Distance Makes the Soul Grow Stronger

Juniors reflected on returning to campus this spring after time away.

by Jack Heaphy | 4/5/23 2:15am

by Elaine Pu / The Dartmouth

Although it is typical for juniors at Dartmouth to take time away, some members of the Class of 2024 spent a full two terms, or seven months, away from campus after their sophomore summer experience – returning to campus only a week ago for the start of their junior spring. On behalf of the ’24s, I believe many of us postponed off-terms and study abroad programs until junior year to fully engage with Dartmouth’s campus during sophomore year when COVID-19 restrictions were lifted. Arriving on campus again after two terms away, I bring both excitement and a fresh perspective on Dartmouth with me.  

I spoke with fellow ’24s who also recently returned to campus after two terms away. Together, we reflected on what we learned from our experiences beyond the reaches of Dartmouth’s campus. 

Maya Nguyen ’24 worked at an environmental nonprofit in New York City this winter after spending fall on the history foreign study program in London. She said that this felt like a long time away from the “Dartmouth bubble,” and she emphasized the feeling of Hanover’s insular nature. 

“Distance from campus allowed me to see how small the school is, despite how large it feels,” Nguyen said. “Academic and social stress can feel overwhelming and burn you out. It takes some distance from campus to realize [school] isn’t as important as it always seems.”

Tommy Bevevino ’24 spent his winter in South Lake Tahoe, California, working at a hostel, after he participated in the  government FSP in London in the fall. 

Bevevino noted that while it was harder to keep in touch with his friends from Dartmouth while away, his experience in South Lake Tahoe was a positive one, as he was surrounded by people with unique career paths and backgrounds. 

“It was refreshing to be in an environment with different people that didn’t know much about Dartmouth, rather than it being something that everyone shared and talked about constantly,” Bevevino said. 

In the fall, I also worked in New York City as an intern for a television production company.  I lived independently, and I stepped into a new, professional industry. 

For me, fall was characterized by growth and discovery, but also loneliness and isolation. After an uninterrupted year of living in a tight-knit community with friends my age, it was hard being thrown into a world with little familiarity. Yet, after some struggle, I found myself leaving New York with increased confidence, self sufficiency and a newfound discovery of my passions. 

Like Nguyen and Bevevino, I realized during my off-terms that many stressors and troubles can feel overwhelming, and it takes some distance from campus to discover how they sometimes aren’t as significant as they seem.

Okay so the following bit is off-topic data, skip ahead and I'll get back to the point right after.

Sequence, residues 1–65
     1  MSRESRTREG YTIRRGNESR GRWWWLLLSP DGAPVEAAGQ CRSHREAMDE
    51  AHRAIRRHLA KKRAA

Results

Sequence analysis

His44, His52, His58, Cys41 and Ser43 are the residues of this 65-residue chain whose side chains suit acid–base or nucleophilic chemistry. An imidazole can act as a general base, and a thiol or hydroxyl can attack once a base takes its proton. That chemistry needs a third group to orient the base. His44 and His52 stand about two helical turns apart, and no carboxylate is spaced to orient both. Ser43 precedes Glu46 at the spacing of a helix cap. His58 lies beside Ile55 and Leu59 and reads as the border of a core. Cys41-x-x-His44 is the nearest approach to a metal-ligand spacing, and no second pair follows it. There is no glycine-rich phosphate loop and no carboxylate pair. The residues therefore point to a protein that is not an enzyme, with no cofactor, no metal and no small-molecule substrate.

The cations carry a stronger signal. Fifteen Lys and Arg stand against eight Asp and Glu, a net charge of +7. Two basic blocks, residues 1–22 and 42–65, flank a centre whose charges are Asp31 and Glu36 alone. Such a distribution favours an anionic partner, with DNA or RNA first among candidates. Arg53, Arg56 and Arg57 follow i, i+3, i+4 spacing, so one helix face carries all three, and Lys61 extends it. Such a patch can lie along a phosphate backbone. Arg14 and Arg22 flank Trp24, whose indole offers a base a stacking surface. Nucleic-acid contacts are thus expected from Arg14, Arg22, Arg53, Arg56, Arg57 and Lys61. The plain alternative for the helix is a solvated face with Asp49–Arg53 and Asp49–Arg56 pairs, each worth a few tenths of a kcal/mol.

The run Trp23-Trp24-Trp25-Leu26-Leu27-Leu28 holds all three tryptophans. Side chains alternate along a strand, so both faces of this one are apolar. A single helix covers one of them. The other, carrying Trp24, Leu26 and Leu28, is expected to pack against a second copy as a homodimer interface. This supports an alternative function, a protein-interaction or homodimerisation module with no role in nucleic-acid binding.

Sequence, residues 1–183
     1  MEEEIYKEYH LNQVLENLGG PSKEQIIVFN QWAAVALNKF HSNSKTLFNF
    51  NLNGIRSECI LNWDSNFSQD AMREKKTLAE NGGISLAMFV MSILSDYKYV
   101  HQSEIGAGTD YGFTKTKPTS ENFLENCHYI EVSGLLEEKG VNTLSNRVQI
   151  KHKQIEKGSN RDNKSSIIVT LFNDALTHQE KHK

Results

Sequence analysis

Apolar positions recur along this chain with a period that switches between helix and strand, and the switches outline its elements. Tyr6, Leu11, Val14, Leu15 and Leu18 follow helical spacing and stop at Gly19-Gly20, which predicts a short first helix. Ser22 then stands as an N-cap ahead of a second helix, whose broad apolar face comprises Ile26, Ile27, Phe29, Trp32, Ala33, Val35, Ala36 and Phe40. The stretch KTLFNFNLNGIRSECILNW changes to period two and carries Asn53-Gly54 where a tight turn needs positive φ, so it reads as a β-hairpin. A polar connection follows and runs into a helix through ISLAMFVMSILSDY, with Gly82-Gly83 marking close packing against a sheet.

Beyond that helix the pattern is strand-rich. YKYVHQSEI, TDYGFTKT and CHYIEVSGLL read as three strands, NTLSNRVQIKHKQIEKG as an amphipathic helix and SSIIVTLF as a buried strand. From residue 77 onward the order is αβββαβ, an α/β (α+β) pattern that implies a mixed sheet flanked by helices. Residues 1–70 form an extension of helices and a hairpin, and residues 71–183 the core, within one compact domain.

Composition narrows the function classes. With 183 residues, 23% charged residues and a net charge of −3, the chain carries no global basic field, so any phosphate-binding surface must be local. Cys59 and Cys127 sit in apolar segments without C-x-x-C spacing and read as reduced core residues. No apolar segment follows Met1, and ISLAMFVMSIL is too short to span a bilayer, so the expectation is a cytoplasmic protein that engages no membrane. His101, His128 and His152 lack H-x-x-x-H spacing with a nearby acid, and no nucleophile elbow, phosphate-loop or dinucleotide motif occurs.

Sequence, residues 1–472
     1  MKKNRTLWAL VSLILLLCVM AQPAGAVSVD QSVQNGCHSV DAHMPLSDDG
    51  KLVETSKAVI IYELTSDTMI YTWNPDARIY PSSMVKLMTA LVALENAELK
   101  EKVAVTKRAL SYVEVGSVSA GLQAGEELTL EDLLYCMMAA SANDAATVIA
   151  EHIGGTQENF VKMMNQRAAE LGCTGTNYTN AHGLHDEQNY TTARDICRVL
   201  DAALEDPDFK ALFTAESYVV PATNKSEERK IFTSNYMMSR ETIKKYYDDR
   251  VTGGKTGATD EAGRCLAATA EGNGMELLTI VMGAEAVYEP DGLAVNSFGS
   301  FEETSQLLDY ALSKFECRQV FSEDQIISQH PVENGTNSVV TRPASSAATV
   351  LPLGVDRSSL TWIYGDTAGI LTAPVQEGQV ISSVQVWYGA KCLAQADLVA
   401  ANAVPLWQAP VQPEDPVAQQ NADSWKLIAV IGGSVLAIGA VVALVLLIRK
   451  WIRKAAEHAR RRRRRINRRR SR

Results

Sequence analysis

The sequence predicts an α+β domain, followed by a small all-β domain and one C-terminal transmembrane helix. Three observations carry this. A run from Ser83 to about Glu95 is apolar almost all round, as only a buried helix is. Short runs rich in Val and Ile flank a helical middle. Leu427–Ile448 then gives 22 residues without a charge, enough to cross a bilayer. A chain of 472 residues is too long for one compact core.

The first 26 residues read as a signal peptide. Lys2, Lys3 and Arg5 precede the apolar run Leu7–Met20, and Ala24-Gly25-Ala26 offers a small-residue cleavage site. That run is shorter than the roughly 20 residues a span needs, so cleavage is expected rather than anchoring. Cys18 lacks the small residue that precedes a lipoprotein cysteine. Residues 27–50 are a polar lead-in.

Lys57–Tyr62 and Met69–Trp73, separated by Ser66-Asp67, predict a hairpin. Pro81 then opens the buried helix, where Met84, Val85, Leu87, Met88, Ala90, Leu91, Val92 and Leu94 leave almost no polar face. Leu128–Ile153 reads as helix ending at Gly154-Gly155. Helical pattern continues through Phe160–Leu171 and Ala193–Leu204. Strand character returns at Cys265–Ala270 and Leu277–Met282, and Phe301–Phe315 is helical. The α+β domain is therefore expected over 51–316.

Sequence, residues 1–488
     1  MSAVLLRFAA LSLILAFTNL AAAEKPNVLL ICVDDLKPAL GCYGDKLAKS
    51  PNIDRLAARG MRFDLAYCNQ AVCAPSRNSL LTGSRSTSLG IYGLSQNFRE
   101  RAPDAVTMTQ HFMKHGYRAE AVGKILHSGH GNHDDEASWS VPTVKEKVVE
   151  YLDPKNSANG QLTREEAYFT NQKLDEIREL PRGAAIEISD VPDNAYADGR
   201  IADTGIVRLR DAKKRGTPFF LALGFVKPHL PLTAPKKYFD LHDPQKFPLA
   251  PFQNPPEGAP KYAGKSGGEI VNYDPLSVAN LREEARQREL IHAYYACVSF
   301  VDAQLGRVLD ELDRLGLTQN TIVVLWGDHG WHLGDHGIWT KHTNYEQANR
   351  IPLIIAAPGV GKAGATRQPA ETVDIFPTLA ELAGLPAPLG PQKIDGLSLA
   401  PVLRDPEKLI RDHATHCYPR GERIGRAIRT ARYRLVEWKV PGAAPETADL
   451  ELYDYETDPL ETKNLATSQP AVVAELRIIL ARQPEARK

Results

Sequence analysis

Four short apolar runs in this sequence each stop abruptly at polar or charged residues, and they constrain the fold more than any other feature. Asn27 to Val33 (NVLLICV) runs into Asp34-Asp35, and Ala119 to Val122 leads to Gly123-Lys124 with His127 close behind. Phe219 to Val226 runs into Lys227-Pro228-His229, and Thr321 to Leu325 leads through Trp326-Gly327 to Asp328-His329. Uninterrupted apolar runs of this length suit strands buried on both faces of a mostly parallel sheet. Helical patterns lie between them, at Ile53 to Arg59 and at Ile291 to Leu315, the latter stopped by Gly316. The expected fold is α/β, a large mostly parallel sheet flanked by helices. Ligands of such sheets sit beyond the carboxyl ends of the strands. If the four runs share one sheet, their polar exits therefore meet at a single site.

Social pressures and constant goals of productivity sometimes cause burnout among students on Dartmouth’s campus. Realizing that these stressors are unnecessary has allowed some ’24s to reflect on their off-terms and refocus their priorities in their return to campus. 

Annie Qiu ’24 studied computer science and furniture design in Copenhagen through a non-Dartmouth transfer program in the fall. She said how the experience made her realize she wants to reevaluate her intentions upon returning to campus. 

“It was exciting to be away in a new country after being on campus for such a long stretch of time,” Qiu said. “Returning to campus has made me realize that I have to commit less and focus on the activities and people that make me happiest.” 

Klara Meyer ’24 participated in the anthropology FSP in Auckland, New Zealand, this winter, after taking the fall off to do an internship at The Aspen Times. Meyer said she believes she learned about valuable new perspectives and discovered a newfound appreciation for life. 

“Studying in New Zealand gave me a new perspective on what’s really important, and what I need to think about in life,” Meyer said. “It enabled me to learn in a way that wasn’t possible in Hanover.”

Nguyen, Bevevino, Meyer and Qiu each expressed that while there were moments in which they missed Dartmouth’s campus, their time away enabled them to learn holistically in new environments. Now, they can evaluate priorities and goals as they settle back into their lives on  campus. I myself have also felt some profound changes upon returning to Hanover. 

Yet, after reconceptualizing what Dartmouth means to us and thinking about our roles here on campus, we all share excitement to be back amongst our class this tem. Reuniting with each other after months apart, sharing experiences and knowledge acquired from faraway places, is thrilling. Seven months is a long time, but Hanover still feels familiar, and there’s a comfort that comes with this long-awaited return. 

Correction Appended (April 23, 9:10 p.m.): A previous version of this article misspelled Nguyen's name in one section. The article has been updated.